TOKYO — If you ever want to leave the Land of the Rising Sun, it’s going to cost you.
Japanese parliament has just passed a bill enforcing a new departure tax on travellers. Starting Jan. 7, 2019, a ¥1,000 (approximately Can$11) fee will be tacked on to tickets at point of purchase for those departing the country via plane or ship. The so-called ‘Sayonara Tax’ applies to both international and local travellers, and excludes children under two years old as well as visitors who are in Japan for less than 24 hours.
According to The Straits Times, the tax will be used towards improving infrastructure and introducing technological advancements such as facial recognition at airports and free Wi-Fi on public transportation.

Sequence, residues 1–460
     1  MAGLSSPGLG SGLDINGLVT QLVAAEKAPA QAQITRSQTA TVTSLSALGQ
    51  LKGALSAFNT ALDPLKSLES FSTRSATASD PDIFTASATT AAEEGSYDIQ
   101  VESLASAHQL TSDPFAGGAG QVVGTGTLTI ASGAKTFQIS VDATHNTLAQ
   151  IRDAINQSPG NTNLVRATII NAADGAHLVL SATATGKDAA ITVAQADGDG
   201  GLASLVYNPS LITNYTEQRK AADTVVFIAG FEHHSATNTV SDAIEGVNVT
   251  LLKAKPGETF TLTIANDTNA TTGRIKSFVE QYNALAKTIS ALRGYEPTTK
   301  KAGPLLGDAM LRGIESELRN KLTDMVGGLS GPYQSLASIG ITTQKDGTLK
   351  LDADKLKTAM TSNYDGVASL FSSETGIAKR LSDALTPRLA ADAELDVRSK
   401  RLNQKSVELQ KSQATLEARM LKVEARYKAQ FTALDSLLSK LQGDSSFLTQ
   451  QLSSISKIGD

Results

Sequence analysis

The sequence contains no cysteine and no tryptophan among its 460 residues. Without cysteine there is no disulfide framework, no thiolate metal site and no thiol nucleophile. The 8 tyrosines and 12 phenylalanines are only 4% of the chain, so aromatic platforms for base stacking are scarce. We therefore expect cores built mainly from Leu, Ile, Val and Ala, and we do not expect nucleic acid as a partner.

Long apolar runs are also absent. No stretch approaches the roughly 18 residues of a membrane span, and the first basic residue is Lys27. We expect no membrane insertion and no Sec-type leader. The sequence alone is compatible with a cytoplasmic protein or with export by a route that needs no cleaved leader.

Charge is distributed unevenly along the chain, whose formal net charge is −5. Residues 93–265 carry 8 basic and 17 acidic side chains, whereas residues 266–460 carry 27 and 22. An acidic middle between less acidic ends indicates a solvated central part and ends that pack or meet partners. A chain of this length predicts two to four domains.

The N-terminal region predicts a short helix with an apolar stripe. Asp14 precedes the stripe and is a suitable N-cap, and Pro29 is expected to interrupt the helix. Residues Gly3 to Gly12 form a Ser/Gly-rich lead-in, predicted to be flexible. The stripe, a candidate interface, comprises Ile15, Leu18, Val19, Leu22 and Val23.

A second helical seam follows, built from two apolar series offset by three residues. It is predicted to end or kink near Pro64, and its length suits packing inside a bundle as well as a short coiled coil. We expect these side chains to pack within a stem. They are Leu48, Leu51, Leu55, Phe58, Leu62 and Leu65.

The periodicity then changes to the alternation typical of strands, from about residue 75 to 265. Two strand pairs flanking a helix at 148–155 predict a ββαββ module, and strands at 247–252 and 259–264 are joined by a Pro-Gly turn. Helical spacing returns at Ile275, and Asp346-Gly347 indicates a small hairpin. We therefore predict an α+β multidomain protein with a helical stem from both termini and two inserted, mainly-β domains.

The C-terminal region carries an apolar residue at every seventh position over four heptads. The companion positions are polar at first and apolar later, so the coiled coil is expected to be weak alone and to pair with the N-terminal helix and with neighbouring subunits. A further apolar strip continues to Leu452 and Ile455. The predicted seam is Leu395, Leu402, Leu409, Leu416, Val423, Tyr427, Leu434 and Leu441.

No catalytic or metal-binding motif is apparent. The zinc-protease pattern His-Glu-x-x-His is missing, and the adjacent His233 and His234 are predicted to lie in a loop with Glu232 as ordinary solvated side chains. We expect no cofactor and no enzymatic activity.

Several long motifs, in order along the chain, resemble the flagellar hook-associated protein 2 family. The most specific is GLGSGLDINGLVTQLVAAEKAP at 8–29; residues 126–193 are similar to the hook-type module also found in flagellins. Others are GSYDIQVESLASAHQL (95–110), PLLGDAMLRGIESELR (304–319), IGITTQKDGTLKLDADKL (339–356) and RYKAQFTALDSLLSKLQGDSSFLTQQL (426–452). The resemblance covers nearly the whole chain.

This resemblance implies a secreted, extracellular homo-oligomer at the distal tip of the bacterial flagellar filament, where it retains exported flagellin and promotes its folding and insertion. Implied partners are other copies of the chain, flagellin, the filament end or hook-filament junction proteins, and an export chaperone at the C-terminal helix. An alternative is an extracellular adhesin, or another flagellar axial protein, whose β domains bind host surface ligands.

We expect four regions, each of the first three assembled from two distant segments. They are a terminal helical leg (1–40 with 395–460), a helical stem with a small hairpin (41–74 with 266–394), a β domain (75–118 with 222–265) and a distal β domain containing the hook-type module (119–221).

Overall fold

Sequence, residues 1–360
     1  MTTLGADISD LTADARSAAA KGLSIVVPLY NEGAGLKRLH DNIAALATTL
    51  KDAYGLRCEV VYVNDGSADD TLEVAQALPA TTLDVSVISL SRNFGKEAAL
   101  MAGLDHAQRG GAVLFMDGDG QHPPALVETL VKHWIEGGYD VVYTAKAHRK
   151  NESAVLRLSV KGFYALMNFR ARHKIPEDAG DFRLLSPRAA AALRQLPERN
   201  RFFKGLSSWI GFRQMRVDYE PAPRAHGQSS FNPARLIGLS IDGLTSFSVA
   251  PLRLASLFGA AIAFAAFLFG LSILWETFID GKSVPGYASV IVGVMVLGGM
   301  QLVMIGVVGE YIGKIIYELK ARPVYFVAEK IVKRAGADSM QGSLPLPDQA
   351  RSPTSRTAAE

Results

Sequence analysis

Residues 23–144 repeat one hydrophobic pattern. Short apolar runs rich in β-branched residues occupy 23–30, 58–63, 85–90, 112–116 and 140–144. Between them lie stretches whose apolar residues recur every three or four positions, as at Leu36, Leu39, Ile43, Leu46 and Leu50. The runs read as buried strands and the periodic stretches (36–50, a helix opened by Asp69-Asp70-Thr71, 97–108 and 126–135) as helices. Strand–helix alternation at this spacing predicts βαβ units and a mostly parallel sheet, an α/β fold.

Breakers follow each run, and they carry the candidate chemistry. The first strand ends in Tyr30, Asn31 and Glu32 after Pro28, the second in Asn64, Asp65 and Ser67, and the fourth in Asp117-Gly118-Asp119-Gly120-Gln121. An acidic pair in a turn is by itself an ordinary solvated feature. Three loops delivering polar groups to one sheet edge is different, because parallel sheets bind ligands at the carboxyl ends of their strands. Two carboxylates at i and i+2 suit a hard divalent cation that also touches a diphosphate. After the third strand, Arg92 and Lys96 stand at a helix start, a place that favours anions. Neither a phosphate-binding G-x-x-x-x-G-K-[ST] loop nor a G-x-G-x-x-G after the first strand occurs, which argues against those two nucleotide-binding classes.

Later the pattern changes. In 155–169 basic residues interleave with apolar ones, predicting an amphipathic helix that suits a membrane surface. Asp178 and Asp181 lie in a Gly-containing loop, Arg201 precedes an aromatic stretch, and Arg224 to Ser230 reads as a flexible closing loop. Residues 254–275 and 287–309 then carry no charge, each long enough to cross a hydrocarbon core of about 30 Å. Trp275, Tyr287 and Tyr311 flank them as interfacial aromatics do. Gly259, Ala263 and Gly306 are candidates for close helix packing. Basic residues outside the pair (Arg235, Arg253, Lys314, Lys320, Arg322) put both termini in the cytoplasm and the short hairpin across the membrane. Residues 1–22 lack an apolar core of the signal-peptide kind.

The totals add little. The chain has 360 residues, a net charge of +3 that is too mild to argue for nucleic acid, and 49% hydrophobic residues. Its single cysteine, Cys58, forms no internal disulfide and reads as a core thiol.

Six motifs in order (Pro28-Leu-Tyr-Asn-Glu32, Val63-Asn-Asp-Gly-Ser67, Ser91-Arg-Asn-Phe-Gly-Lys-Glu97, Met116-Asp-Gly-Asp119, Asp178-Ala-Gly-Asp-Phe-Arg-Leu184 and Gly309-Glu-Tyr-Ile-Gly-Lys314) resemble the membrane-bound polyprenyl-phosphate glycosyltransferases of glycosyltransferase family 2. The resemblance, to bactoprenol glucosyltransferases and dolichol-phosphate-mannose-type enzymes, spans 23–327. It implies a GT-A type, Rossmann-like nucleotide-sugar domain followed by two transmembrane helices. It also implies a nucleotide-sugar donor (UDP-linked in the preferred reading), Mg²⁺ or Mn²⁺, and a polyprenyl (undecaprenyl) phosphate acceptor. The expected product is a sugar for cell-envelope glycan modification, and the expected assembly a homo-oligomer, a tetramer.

Though annoying and unwanted at best, the Sayonara Tax is nothing compared to the U.K.’s similar Air Passenger Duty, or APD, tax. As reported by Condé Nast Traveler, all adult travellers flying out of the U.K. (except Northern Ireland and the Scottish Highlands) currently pay £78 (up from £75) for long-haul economy flights, and £156 (up from £150) for long-haul premium class flights, per person.
Australia also has a similar tax in place called the ‘Passenger Movement Charge’, which requires visitors to pay AUD60 (approximately Can$58) when departing for another country.